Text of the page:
Werner Baumbach

Werner Baumbach

Werner Baumbach
Born (1916-12-27)27 December 1916
Cloppenburg, Lower Saxony
Died 20 October 1953(1953-10-20) (aged 36)
La Plata, Argentina
Allegiance  Nazi Germany
Service/branch  Luftwaffe
Years of service 1936–45
Rank Oberst
Unit KG 30, KG 200
Commands held 5./KG 30, I./KG 30, KG 200
Battles/wars World War II
Awards Knight's Cross of the Iron Cross with Oak Leaves and Swords
Other work Test pilot

Werner Baumbach (27 December 1916 – 20 October 1953) was a bomber pilot in the German Luftwaffe during World War II and commander of the secret bomber wing Kampfgeschwader 200 (KG 200). He received the Knight's Cross of the Iron Cross with Oak Leaves and Swords for the destruction of over 300,000 gross register tons (GRT) of allied shipping.[1]


Baumbach entered the Luftwaffe in 1936 and after first training at the 2nd Air Warfare School (RAF Gatow|) was trained as a bomber pilot. He was one of the first pilots to fly the Junkers Ju 88 bomber and flew various bombing missions with Kampfgeschwader 30 (KG 30). On 19 April 1940 he bombed and damaged the French cruiser Émile Bertin for which he was awarded the Iron Cross 1st Class.[1] In 1942, Baumbach was removed from active pilot duty and started working on new bomber designs; among others, he helped design the composite bomber system Mistel. In 1944, he was placed in command of the newly formed Kampfgeschwader 200 (KG 200) and was in charge of all Luftwaffe special missions. Baumbach was promoted to Oberstleutnant on 15 November 1944 and was tasked with leading the affairs of the General der Kampfflieger.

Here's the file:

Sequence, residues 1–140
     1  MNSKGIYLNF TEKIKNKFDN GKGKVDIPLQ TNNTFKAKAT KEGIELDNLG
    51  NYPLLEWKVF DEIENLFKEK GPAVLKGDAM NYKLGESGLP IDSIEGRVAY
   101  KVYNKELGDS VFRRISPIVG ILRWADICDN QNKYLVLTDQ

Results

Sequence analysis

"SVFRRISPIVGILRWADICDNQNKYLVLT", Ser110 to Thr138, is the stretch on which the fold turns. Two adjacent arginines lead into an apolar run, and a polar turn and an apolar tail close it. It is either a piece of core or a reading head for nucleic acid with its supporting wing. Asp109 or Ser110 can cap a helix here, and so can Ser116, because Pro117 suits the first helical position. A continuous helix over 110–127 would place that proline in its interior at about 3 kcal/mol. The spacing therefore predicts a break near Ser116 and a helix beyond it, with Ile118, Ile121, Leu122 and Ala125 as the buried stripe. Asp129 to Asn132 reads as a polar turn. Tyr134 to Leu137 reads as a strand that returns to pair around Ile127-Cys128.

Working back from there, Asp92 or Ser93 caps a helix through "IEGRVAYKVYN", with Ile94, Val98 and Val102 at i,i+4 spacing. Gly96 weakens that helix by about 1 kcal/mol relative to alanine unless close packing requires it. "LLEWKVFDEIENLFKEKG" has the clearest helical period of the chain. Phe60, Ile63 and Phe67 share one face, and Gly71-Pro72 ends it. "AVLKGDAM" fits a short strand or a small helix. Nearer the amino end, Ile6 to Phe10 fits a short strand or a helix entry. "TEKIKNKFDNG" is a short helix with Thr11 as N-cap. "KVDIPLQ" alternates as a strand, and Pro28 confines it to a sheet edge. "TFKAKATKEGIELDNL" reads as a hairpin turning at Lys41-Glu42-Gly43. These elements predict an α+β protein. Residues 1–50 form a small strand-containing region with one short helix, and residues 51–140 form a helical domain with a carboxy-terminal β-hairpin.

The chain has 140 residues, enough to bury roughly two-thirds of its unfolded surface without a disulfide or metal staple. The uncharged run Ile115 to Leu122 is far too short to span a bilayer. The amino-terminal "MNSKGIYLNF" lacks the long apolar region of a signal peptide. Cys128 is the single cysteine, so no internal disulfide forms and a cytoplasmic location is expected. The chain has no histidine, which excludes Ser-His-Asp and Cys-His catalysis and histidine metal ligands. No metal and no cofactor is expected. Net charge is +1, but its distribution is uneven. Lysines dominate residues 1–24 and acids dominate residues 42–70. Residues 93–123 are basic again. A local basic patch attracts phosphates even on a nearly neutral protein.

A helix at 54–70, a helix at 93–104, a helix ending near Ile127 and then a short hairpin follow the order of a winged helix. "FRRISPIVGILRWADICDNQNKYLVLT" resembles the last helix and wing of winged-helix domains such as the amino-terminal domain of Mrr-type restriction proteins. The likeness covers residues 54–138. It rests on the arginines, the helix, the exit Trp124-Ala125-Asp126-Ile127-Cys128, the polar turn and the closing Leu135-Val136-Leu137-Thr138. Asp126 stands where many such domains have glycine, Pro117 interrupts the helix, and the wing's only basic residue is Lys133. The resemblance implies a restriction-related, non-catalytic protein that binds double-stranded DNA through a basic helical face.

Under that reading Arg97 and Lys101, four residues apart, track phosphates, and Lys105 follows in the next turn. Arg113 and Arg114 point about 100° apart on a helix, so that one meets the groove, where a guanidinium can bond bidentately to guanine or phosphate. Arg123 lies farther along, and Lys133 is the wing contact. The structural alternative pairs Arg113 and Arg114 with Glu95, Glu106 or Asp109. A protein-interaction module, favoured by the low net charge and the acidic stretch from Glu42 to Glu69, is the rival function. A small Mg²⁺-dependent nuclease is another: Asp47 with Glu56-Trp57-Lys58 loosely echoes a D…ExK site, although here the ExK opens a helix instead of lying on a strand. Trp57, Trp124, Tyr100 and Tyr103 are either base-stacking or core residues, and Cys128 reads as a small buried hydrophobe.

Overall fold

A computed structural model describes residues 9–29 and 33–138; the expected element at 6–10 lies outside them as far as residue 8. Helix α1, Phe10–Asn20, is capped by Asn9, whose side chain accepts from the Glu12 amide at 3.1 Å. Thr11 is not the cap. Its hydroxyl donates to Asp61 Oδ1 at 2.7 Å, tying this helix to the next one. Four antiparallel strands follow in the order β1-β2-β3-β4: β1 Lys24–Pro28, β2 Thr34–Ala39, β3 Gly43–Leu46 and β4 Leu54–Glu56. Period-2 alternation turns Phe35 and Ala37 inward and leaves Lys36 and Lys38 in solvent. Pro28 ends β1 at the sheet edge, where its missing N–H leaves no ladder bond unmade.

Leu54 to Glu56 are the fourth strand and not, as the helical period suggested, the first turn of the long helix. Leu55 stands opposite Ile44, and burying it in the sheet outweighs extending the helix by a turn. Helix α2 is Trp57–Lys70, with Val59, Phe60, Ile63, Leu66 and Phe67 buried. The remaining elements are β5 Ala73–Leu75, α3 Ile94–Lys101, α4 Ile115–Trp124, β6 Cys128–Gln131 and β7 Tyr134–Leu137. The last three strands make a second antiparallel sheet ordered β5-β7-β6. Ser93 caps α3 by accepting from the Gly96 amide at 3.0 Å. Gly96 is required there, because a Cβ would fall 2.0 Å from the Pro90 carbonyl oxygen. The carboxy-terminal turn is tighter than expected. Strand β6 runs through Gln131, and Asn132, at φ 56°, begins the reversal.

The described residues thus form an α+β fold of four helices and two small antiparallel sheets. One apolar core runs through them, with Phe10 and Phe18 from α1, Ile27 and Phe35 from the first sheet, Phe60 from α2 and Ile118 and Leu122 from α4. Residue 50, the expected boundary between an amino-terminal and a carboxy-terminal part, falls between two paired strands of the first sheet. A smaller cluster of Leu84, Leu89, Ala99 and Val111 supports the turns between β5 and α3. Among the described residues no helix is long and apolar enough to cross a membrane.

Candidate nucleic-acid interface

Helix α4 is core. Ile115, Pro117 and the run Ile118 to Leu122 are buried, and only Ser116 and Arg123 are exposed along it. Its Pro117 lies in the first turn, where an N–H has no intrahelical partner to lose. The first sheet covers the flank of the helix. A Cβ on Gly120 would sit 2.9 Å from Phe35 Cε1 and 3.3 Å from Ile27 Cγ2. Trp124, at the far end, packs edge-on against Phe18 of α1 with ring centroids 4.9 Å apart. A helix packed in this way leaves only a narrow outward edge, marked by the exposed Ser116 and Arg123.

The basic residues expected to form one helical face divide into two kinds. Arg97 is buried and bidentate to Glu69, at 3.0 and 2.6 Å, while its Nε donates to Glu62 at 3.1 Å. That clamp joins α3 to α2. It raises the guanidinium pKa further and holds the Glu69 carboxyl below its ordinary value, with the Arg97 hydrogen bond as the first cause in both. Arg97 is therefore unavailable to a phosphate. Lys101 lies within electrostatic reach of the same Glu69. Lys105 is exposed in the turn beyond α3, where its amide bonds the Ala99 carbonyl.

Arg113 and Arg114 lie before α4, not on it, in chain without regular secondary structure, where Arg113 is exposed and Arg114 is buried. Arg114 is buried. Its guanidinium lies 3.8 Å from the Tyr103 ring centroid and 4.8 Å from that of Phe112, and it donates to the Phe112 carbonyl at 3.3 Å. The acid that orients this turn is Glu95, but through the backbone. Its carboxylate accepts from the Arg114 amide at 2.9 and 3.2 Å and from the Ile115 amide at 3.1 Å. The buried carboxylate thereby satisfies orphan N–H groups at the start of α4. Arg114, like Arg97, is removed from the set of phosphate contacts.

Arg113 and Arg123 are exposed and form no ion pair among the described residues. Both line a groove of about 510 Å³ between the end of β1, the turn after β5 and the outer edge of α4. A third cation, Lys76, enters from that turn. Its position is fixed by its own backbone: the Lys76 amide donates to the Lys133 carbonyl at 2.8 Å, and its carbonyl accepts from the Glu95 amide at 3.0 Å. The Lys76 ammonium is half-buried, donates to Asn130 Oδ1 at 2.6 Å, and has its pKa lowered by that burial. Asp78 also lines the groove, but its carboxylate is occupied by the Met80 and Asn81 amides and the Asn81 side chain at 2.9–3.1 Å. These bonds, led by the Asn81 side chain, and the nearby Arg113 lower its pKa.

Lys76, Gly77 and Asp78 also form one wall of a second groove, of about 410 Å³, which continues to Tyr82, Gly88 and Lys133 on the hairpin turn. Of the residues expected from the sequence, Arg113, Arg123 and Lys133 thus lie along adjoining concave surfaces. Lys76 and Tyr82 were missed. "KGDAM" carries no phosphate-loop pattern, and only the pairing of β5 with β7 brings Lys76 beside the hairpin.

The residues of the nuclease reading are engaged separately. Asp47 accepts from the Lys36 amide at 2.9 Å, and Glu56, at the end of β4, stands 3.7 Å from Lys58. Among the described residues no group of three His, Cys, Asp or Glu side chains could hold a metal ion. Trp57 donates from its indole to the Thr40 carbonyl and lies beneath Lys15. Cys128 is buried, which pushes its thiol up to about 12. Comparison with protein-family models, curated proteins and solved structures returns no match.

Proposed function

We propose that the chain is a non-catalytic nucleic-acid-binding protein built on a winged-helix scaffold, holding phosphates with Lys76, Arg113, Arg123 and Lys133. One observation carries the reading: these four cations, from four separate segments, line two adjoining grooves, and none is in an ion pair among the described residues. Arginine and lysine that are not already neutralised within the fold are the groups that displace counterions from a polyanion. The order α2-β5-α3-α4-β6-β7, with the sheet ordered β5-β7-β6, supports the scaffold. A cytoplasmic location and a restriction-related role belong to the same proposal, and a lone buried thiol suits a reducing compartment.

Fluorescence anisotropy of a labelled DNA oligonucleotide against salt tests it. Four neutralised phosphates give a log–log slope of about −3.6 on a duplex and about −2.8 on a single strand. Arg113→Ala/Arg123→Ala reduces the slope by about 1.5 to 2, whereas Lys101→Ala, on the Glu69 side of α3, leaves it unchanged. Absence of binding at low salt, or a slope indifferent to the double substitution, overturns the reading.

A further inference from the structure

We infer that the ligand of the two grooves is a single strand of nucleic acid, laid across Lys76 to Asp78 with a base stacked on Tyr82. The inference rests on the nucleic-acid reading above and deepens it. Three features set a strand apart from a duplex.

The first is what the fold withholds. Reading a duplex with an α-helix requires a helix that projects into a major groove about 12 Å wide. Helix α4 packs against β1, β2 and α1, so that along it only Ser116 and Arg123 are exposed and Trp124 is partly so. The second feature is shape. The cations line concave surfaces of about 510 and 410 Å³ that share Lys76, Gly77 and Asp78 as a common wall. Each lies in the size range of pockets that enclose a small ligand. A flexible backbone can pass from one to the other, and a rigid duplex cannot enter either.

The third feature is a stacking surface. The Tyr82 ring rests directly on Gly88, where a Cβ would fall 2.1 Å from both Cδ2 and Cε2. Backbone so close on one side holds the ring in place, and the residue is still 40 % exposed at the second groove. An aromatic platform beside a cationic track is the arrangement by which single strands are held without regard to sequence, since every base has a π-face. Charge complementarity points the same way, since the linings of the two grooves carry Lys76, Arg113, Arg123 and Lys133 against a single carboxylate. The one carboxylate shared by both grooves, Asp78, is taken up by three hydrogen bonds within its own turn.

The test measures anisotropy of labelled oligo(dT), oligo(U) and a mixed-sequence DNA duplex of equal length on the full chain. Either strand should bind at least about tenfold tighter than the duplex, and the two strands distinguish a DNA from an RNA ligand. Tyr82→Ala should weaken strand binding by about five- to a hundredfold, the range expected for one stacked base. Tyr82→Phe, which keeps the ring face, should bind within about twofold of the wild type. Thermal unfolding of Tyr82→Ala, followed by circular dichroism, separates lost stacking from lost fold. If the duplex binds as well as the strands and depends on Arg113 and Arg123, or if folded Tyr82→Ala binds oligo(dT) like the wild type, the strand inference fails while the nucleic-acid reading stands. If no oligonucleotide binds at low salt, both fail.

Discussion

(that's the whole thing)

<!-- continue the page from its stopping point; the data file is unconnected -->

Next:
After the war, Baumbach spent three years as a prisoner of war before he moved to Argentina where he worked as a test pilot. He died in a plane crash on 20 October 1953 while evaluating a British Lancaster bomber. He was interred in his hometown Cloppenburg.[2]




  1. 1 2 Berger 2000, p. 26.
  2. Schumann 2007, p. 19.
  3. 1 2 3 4 5 Schumann 2007, p. 20.
  4. 1 2 3 Scherzer 2007, p. 206.


  • Berger, Florian (1999). Mit Eichenlaub und Schwertern. Die höchstdekorierten Soldaten des Zweiten Weltkrieges [With Oak Leaves and Swords. The Highest Decorated Soldiers of the Second World War] (in German). Vienna, Austria: Selbstverlag Florian Berger. ISBN 978-3-9501307-0-6. 
  • Scherzer, Veit (2007). Die Ritterkreuzträger 1939–1945 Die Inhaber des Ritterkreuzes des Eisernen Kreuzes 1939 von Heer, Luftwaffe, Kriegsmarine, Waffen-SS, Volkssturm sowie mit Deutschland verbündeter Streitkräfte nach den Unterlagen des Bundesarchives [The Knight's Cross Bearers 1939–1945 The Holders of the Knight's Cross of the Iron Cross 1939 by Army, Air Force, Navy, Waffen-SS, Volkssturm and Allied Forces with Germany According to the Documents of the Federal Archives] (in German). Jena, Germany: Scherzers Militaer-Verlag. ISBN 978-3-938845-17-2. 
  • Schumann, Ralf (2007). Die Ritterkreuzträger 1939–1945 des LG 1 (in German). Zweibrücken, Germany: VDM Heinz Nickel. ISBN 978-3-86619-013-9.
  • Die Wehrmachtberichte 1939–1945 Band 1, 1. September 1939 bis 31. Dezember 1941 [The Wehrmacht Reports 1939–1945 Volume 1, 1 September 1939 to 31 December 1941] (in German). München, Germany: Deutscher Taschenbuch Verlag GmbH & Co. KG. 1985. ISBN 978-3-423-05944-2. 
Military offices
Preceded by
Oberst Heinz Heigl
Commander of Kampfgeschwader 200
15 November 1944 – 6 March 1945
Succeeded by
Major Adolf von Hernier
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